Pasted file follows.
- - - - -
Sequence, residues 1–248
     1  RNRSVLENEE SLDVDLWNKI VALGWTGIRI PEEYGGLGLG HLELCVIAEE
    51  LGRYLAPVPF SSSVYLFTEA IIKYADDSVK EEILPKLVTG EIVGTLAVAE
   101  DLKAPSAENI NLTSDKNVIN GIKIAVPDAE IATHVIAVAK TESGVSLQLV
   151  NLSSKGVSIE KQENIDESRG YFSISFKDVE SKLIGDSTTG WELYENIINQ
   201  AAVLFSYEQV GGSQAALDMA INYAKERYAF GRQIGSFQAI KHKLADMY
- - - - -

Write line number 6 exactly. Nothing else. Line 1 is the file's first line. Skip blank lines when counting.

   201  AAVLFSYEQV GGSQAALDMA INYAKERYAF GRQIGSFQAI KHKLADMY